The drug maker Actelion Pharmaceuticals has agreed to a $360 million settlement stemming from an investigation into whether the company illegally funneled kickbacks through a patient-assistance charity, federal prosecutors said Thursday.
Actelion, which was acquired by Johnson & Johnson in 2017 and makes expensive drugs to treat a rare lung condition, is the latest pharmaceutical company to settle federal inquiries into their ties to patient-assistance groups, including whether companies have used the patient programs to increase the price of their drugs.
In 2017, United Therapeutics paid $210 million to settle similar allegations, and Pfizer paid nearly $24 million to do so in May. Several other drug makers have disclosed that they are also under investigation for their use of patient-assistance charities, including Biogen, Celgene and others.
“Pharmaceutical companies cannot have it both ways — they cannot continue to increase drug prices while engaging in conduct designed to defeat the mechanisms that Congress designed to check such prices and then expect Medicare to pay for the ballooning costs,” Joseph H. Hunt, an assistant attorney general for the Justice Department, said in a news release.
In 2014 and 2015, prosecutors said, Actelion raised the price of its main drug, Tracleer, by nearly 30 times the rate of inflation. Tracleer, which is prescribed to treat pulmonary arterial hypertension, sells in pharmacies for an average cash price of about $14,500 for 60 tablets, according to the website GoodRx.
Caroline Pavis, a spokeswoman for Actelion, said in a statement that the company was committed to complying with the law. It admitted no wrongdoing in its settlement. Johnson & Johnson was not implicated in the allegations since the activity under scrutiny took place before Actelion was acquired.
Drug companies often help patients pay their out-of-pocket costs through coupons or other financial assistance. These payments are not just about benevolence — they also help blunt the outrage over rising drug prices by limiting how much patients have to pay. Insurers then cover most of the cost.
But federal anti-kickback laws prohibit companies from giving such financial assistance to Medicare and Medicaid beneficiaries because doing so is considered an inducement to buy their drugs. For years, drug makers have skirted those laws by instead donating to nonprofit charities, which then give the money to Medicare patients. Such arrangements are legal as long as there is no direct coordination between the pharmaceutical company and the nonprofit organization.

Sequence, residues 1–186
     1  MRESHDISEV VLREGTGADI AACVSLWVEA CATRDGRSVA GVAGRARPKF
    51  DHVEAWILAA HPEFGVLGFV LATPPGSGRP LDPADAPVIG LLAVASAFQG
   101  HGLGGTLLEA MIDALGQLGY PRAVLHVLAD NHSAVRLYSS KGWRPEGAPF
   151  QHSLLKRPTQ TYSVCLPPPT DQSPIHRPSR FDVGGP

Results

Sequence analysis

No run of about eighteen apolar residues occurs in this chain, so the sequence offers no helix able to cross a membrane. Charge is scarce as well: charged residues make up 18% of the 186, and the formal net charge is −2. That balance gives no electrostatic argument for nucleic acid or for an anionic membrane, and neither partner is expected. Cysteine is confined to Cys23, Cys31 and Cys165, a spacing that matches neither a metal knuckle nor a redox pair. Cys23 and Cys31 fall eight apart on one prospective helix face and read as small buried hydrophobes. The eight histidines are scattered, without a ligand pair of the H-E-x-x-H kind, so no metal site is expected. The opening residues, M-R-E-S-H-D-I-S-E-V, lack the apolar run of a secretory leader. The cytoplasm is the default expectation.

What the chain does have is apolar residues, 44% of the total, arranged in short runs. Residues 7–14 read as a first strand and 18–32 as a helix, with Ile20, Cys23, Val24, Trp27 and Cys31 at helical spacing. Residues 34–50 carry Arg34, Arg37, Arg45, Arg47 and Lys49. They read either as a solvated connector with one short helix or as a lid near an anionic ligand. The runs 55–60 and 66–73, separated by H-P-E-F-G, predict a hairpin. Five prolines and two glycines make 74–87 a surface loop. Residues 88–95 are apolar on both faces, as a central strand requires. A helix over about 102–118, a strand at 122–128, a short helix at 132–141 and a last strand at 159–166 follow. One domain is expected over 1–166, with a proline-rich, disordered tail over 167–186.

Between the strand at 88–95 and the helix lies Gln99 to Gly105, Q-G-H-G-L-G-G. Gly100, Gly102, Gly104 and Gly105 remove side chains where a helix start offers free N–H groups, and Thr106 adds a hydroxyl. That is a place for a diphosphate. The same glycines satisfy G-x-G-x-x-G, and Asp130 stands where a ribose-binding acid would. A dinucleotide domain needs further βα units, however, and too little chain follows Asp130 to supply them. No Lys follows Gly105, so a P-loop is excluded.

Federal prosecutors said Actelion violated the law by collecting detailed data in 2014 and 2015 about the patients receiving help from a nonprofit, the Caring Voice Coalition, and using the data to budget for future donations. As a result, Actelion ensured that the money it donated would be used only to assist patients who used its drugs, and not competing companies’ treatments for the pulmonary condition.
Prosecutors said Actelion kept up the practice even after the charity itself warned the company against it.
Actelion also steered Medicare patients to the Caring Voice Coalition who would have otherwise qualified financially for the company’s free drug program. By directing them to the nonprofit, the company avoided having to provide the drug to eligible patients and left Medicare to cover the cost instead, prosecutors said.
Caring Voice Coalition no longer offers such programs. Last year, the federal government revoked its right to do so, citing concerns that it was coordinating too closely with drug companies.
The charity was also involved in the settlement with United Therapeutics, which, like Actelion, sells drugs that treat the same lung condition.
“We continue to help as many patients as we can navigate challenges within the health care system,” Greg Smiley, the charity’s chief executive, said in a statement. He said he could not comment on legal issues.